“The first time I went into the cinema and felt like I was in a complete other world. When I came out I was still in it for another couple of hours. That was with Blue Velvet when I was 15. I went with my boyfriend at the time and had to lie about my age because he was a bit older than me, but then he found my school bus pass. Half the audience walked out of that film because they didn’t get it, and they really didn’t. It’s quite a scary film. The way Lynch uses sound, like in Lost Highway, I think it’s very inspirational. You can only get that feeling by being in the cinema.”

Looking forward, Ramsay isn’t quite sure what her next film will be. “I’ve no idea, a comedy. I’ve been thinking of a few things for a while but you don’t finish a film when it’s finished anymore. It gets a release and then you have to go here and here and then talk about it and try to explain it. I’m used to being behind a camera not in front of one you know. I know people who have been doing screenings and such a year after. The thing that makes me feel the best as a human being is just creating stuff so it doesn’t feel that great talking about it, but I think it’s all a part of getting it out there.”

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Review: You Were Never Really Here

Director Lynne Ramsay proves there is still life in the revenge thriller yet with her latest project You Were Never Really Here. Based on the novella by Jonathan Ames, the plot follows Joe (Joaquin Phoenix), a former Marine and FBI agent who is tortured by the violence he has witnessed. When he returns from duty he becomes a contract killer who focusses on breaking down paedophile rings and rescuing the young girls who are helplessly trapped within them.

In preparation for the role Phoenix puts of a staggering amount of weight in both fat and muscle and when combined with the mass of facial hair he is almost unrecognisable. Joe has very few lines of dialogue in the film and he instead conveys emotion through body language, facial expression and an intent to his movement that is terrifying. The nature of this role suits Phoenix, who has mastered the skill of evoking so much by doing very little.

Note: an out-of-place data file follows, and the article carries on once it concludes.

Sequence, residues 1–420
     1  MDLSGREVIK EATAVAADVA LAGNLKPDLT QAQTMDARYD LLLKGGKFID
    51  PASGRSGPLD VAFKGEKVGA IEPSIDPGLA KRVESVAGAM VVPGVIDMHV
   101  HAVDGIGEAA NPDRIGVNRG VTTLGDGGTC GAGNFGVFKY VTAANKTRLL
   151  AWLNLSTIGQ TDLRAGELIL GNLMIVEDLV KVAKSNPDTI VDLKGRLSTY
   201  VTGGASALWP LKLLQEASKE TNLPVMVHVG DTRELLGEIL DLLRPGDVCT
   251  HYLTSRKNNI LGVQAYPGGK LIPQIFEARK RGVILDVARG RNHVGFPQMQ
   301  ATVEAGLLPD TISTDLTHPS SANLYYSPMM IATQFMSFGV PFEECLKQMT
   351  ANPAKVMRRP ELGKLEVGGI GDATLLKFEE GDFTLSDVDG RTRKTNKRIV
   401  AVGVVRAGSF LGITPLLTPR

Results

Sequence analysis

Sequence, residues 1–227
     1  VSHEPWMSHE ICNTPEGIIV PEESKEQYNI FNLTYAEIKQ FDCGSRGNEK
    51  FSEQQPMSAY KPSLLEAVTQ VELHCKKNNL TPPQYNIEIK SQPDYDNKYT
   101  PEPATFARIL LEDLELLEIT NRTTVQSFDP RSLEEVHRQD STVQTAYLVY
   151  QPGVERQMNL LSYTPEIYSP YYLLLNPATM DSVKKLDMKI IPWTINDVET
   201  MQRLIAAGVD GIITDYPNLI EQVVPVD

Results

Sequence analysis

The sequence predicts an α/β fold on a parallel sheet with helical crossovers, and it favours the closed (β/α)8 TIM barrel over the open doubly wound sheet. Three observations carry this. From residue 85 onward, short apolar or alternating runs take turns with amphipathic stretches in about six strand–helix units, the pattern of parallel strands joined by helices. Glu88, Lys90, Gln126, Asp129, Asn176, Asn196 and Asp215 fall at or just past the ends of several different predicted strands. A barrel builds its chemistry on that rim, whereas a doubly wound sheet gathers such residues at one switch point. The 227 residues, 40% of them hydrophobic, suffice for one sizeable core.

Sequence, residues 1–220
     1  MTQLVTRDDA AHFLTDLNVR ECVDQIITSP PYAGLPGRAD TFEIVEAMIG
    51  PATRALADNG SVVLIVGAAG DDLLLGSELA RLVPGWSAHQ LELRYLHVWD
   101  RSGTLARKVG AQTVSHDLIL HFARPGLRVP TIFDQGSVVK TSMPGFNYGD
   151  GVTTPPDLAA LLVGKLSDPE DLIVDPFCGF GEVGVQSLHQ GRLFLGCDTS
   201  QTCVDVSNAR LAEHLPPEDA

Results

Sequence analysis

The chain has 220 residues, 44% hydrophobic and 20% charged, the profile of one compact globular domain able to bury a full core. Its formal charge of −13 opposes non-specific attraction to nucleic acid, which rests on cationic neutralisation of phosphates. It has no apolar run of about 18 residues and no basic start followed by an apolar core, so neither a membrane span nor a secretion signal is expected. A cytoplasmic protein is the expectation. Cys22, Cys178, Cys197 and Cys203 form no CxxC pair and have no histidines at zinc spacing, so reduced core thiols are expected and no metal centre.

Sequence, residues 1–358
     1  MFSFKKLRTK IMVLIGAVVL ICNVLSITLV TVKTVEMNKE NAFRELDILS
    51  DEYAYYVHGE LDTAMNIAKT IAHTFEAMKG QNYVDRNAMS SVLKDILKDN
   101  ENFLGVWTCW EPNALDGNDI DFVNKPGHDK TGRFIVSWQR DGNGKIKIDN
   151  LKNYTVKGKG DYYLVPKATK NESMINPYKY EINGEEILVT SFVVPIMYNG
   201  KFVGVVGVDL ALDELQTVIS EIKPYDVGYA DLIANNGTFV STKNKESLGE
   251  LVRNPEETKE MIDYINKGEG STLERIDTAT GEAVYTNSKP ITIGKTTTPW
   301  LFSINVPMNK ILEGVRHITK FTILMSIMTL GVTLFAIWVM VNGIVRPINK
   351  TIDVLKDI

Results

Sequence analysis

Even in the lighter scenes where he is singing a song with his elderly mother, his massive frame and haunting expression keeps me unsettled, always expecting something to be waiting around the corner. In the dark lurks disturbing flashbacks to Joe’s past. Unlike traditional flashbacks that only serve to throw exposition at the audience, the ones here are sliced into fragments and are spattered chaotically to reflect on the character whose memory they depict. We see a hammer-wielding father who beat his wife and son, and the monstrosities he witnessed in the Middle East.

When he picks up a new contract, it turns out that the man ordering the hit is a Senator whose daughter Nina was kidnapped to be a part of a Manhattan-based brothel. “They say that you’re brutal,” the Senator says, after a brooding-filled pause Joe replies “I can be”. The ring that Joe begins to shatter turns out to have far bigger political ties than just the Senator who’s daughter has been taken. It’s sad that such a twisted and evil story can mirror similar events in real life as high profile arrests and accusations of paedophilic activities are not a rarity, even with politicians.

The fantastic editing work done by Ramsay and Joe Bini lays at the core of the film’s success. It keeps the plot ticking over whilst also weaving the nightmarish flashbacks. The effect is almost hallucinatory and exacerbates the metaphorical punch packed. Johnny Greenwood, who composed a sumptuous score for Paul Thomas Anderson’ Phantom Thread, steps in again here but he produces a something very different. Similar to Hans Zimmer’s work for Blade Runner 2049, Greenwood builds a brutalist soundscape that feeds into this hallucinatory feeling. Nothing in this world feels real. Even a simple photograph becomes a horrific reminder of a mass murder.

At a touch under 90 minutes in length, You Were Never Really Here does not overstay its welcome. In fact, you could argue it is too short. There’s so much left unexplored in the character of Joe that the film could double in size and still not drag, a testament to the powerful performance by Phoenix and the deeply visceral viewing experience that Ramsay creates. If you saw Joaquin Phoenix bounding down a corridor wielding a hammer you would truly wish you were never here.